CancerLand Bookshelf: Her Doctor Prescribes Dancing at Daybreak

Posted by & filed under CancerLand Bookshelf.

I hate patient intake forms, don’t you?

Here’s what bothers me:

Typically, these forms are delivered to us attached to a clipboard, by a harried front desk person who is busy juggling incoming phone calls and insurance co-pays.

These forms have way too many spaces to be filled in. Empty places for the basics: name, address, city, state, zip code. Boxes for date of birth, social security number, emergency contact phone number. A whole section for insurance information. Don’t they have most of this information already on file in a database somewhere? Can’t they just print it out and ask me to edit it?

Then there’s the medical history section. I always smile when I get to the questions about recent surgeries. The forms offer a mere two lines for the patient’s response. If I’m feeling particularly ornery in the waiting room that day, I will fill the entire space by block printing:

SORRY, THERE IS NOT ENOUGH SPACE HERE FOR ME TO LIST THEM ALL. HEY, CAN YOU SPARE SOME MORE LINES? I AM A CANCER SURVIVOR.

But it wasn’t until I connected with Connie Thompson Titus’ cancer memoir that I realized that the real problem with patient intake forms is that there’s absolutely no place on them to explain to your doctor who you really are.

Read on to see what Connie shared with her oncologist in one of a series of letters to him.


Dancing at DaybreakExcerpted from:
Her Doctor Prescribes Dancing at Daybreak by Connie Thompson Titus
Oklahoma: Tate Publishing, 2008.

Buy this book at amazon.com and help support the OncoLink mission!

Dr. Collin,

Your patient history form leaves little room for essentials. Before we talk about any treatment, please study my chemical makeup thus far.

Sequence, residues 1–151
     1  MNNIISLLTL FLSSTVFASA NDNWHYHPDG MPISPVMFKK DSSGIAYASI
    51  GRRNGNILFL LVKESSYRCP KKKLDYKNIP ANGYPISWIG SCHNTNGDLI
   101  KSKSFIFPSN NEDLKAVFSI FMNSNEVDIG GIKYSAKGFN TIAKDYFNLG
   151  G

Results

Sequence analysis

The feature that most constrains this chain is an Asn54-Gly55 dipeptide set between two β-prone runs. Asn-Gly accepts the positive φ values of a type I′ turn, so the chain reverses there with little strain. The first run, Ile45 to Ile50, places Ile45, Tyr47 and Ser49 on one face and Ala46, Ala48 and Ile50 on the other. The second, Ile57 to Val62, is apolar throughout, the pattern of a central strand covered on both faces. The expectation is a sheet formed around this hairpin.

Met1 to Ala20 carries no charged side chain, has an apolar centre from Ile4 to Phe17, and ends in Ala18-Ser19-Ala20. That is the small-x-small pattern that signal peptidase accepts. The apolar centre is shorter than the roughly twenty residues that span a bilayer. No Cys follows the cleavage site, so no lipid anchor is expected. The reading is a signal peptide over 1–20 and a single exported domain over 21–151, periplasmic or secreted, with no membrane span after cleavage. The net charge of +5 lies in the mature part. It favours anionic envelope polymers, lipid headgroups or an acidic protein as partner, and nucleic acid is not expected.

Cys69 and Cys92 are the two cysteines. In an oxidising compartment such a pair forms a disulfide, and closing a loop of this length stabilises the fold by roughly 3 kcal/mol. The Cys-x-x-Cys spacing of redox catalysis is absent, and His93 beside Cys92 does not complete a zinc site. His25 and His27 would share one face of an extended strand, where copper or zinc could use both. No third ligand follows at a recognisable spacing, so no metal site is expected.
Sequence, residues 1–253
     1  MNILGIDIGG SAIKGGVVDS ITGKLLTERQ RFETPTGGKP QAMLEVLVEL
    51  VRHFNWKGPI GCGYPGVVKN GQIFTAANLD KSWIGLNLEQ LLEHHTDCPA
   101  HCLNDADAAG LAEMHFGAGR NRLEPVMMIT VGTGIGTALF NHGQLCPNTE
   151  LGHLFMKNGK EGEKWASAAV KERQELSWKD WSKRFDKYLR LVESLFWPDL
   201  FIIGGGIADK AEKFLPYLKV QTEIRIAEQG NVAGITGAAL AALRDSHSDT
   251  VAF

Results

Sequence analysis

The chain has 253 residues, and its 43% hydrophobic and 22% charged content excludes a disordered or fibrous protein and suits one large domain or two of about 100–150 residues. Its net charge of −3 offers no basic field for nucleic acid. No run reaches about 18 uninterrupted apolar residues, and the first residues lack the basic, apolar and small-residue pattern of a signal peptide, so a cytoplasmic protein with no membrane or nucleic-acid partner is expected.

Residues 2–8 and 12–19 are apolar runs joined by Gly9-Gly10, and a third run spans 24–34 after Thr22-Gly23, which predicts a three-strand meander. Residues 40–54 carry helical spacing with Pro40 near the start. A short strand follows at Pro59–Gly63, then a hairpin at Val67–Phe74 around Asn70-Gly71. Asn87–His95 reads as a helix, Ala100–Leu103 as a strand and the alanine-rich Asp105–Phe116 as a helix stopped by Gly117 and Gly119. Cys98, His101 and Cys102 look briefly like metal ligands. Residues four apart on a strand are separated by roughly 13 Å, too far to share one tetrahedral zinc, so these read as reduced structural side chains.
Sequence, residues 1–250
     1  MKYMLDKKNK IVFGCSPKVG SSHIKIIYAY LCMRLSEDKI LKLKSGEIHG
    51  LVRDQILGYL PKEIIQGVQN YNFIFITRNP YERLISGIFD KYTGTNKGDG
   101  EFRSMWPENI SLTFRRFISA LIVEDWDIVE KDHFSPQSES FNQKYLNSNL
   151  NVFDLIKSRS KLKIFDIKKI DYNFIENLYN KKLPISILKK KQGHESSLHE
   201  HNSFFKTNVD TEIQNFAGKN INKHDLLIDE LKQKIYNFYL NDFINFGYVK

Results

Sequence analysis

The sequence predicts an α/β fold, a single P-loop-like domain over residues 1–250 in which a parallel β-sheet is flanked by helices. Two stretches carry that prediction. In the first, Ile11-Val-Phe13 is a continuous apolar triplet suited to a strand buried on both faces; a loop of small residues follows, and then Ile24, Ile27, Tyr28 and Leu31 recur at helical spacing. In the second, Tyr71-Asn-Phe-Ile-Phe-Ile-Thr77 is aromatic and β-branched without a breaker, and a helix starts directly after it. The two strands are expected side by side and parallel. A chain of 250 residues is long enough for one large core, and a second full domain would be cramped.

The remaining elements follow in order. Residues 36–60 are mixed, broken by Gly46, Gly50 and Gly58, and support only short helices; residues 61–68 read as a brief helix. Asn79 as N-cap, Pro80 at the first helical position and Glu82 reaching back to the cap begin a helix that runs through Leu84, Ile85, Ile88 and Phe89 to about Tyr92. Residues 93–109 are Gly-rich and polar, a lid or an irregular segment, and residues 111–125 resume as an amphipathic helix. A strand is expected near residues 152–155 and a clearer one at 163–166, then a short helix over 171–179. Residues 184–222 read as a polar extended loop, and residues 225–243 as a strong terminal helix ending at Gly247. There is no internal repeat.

I am dotted swiss and seersucker, black patent leather shoes, and fancy panties; I am forever plaid; I am saddle shoes, barrettes, and baby beers from A&W Root Beer stand.

I am a shiny blue Huffy bicycle capable of high speed, a metal lunch pail with milk money, a bomb scare, and a polio vaccine; I am a Brownie camera, a Brownie Girl Scout, and a chewy brownie (in my metal lunch pail).

I am Tiddly-Winks, Jacks, Hopscotch, Silly Putty, Paint by Number and View Master; I am a jump rope with red handles that give way to rip out Cassie Walker’s front teeth…

I am related to Mr. Potato Head and Chatty Cathy, Captain Kangaroo, Dick, Jane, Spot, Sally and Father Knows Best; I am a Barbie doll mixed with skullduggery in the closet; I am old Mr. and Mrs. Cotter’s pesky visitor on their porch swing – he with his pipe, she with her knitting, me talking a mile a minute.

I am an acorn, an autumn leaf; I am a lilac, a tulip, and a peony; I am several litters of furry, purring kittens; I am a bonfire and fried potatoes on camp stoves; I am a tree house and a pink fort…

Even though I have three older sisters, I represent another generation, causing me to behave as an only child. I like to establish strong contact with the teacher. I wish to be in the limelight, under the guidance and protection of older people and people in positions of authority. Superiors, colleagues, and friends are to be what my parents were for me. Please, please, please make me your dearest child.

Whew. This is a big bill. Can you fill it? No, you cannot fill it. If every only-child patient demanded this from you, you would be a dead man…

I do feel better writing down the inner chemistry of Connie Titus. Digging deep to my roots builds a bit of security. Maybe there is a survivor in there after all.

The biggest problem is my red plaid dress. It now hangs crooked on the left side. What can you do about this?

Signed, a forever plaid patient,
Connie Titus


2 Responses to “CancerLand Bookshelf: Her Doctor Prescribes Dancing at Daybreak”

  • Lamarcia Boudrias

    I have her book and I love this woman. She is my sister under the skin and my friend. When I need guidance, I flip through the Bible and open the Book to a random page; then read. When I need a laugh or a good purging cry, I flip through Connie’s book, stopping at any random page, and her words are like medicine to me; kinda like a lesson for my soul.


  • Tweets

    Facebook